• A couple of Jericho bits here: Showrunner Carol Barbee says the fans did more than enough, but there’s a limit to what they can do. SF Universe gives us a list of what went wrong. I can answer both posts with the same reason: The writers didn’t make their show compelling enough. Sure Jericho has a dedicated fan base, but it wasn’t enough to ensure long term success. In the end, it boils down to appealing to a wide audience, and the didn’t do that.
  • Joe Morton, who plays Henry on Eureka, hopes that his character will become more involved with politics and the environment on the show. Normally I would roll my eyes at a statement like that, expecting the usual Hollywood take, but Morton says this: “I think, probably, it would be nice if politics was a thing, if the world economy was a thing, if he could find a way to use science to help people to make a better living, have a better life, etc., etc…” I agree to the extent that I fell science, in most TV and film, is shown as being bad or is used for bad purposes. I’d like to see science portrayed in a positive light.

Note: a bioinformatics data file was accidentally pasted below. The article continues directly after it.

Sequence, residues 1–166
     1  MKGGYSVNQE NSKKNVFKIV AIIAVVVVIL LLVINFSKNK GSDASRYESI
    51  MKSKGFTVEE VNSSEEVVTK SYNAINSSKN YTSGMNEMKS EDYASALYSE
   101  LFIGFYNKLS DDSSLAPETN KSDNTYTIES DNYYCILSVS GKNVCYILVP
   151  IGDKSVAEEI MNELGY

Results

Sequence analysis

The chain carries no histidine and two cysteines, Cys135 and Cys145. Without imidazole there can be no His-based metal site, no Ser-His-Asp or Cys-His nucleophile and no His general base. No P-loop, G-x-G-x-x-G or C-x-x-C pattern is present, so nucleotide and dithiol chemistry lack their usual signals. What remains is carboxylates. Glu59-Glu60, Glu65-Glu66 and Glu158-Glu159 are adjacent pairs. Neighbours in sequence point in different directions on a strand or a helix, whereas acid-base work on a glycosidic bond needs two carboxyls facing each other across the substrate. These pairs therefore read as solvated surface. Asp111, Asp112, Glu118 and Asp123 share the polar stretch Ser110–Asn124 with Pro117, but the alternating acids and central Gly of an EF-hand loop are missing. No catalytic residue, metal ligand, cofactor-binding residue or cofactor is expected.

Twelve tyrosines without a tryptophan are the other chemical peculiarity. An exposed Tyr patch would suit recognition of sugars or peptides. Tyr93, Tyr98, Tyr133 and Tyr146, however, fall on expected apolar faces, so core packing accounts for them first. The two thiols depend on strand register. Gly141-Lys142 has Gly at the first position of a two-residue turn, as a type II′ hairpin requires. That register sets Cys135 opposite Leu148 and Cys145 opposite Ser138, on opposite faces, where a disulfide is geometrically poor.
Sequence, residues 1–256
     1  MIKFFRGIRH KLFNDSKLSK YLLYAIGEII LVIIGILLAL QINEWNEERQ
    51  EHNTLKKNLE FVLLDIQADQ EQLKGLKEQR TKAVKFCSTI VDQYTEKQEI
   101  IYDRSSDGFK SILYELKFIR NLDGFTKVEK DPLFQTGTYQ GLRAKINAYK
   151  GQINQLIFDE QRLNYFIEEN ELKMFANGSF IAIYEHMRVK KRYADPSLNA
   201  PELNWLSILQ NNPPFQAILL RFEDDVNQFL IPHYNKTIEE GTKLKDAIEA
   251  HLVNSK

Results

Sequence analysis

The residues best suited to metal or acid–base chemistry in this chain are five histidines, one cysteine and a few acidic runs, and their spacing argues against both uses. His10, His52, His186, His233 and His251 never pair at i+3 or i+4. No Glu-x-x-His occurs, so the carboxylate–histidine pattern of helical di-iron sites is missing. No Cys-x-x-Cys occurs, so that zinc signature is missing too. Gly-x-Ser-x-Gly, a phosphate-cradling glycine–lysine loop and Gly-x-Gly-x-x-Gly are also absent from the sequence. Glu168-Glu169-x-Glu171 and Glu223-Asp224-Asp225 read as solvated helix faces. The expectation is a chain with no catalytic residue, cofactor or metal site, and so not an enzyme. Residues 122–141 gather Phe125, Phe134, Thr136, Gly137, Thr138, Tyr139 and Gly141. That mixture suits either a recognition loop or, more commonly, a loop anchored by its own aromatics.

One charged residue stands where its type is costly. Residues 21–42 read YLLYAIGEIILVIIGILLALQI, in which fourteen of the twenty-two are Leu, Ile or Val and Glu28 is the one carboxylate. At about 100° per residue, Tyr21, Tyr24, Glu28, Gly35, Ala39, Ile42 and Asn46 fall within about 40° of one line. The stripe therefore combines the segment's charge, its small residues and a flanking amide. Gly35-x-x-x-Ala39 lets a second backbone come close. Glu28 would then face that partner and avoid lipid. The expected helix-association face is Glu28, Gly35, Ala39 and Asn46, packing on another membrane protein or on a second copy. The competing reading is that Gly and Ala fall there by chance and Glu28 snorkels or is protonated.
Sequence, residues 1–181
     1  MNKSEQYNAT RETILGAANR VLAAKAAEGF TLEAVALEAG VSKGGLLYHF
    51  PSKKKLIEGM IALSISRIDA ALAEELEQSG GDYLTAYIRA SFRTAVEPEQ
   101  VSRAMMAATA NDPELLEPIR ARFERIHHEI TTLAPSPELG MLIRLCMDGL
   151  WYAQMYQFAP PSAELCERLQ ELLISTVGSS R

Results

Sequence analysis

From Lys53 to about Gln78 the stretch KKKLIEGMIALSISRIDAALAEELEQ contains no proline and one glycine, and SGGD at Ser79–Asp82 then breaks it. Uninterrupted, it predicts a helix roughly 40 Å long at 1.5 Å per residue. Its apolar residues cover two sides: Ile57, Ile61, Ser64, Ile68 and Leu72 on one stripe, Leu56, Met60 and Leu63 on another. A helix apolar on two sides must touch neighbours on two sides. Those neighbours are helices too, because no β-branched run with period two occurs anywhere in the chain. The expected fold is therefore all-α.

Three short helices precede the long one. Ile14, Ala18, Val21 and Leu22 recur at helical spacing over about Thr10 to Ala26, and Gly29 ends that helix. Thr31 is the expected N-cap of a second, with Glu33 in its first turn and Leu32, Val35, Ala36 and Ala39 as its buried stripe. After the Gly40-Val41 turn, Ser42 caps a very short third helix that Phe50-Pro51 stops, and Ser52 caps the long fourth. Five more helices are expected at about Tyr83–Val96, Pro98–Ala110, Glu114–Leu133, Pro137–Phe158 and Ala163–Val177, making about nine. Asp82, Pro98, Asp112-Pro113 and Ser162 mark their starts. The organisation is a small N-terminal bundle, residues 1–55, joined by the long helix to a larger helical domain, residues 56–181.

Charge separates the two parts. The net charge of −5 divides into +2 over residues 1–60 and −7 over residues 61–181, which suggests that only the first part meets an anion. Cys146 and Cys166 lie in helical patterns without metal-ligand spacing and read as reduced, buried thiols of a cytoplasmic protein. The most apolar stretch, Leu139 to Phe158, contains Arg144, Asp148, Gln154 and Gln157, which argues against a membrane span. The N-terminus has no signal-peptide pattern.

• Holy cow! Check out these sweet, custom-made Futurama LEGOs! I want a set. Too bad they aren’t official. Awesome.
  • South Park Studios has done what every studio should do, make every episode of South Park available, for free, online. Yes, all 11(!) seasons. Yes there are ads, but they are short and few in number. Applause all around.
  • Our boys over at Raven Stake strike again, giving us another episode of LOST, What Will Happen Next?.

Let’s Look At Sci Fi Channel’s Press Upfront Announcements

Last week, March 18th, the Sci Fi Channel held their press upfront announcement in New York. During the even, Sci Fi announced a whole slew of new stuff for the upcoming year. I thought we would take a look at their announcements and see what is interesting to us as SF fans…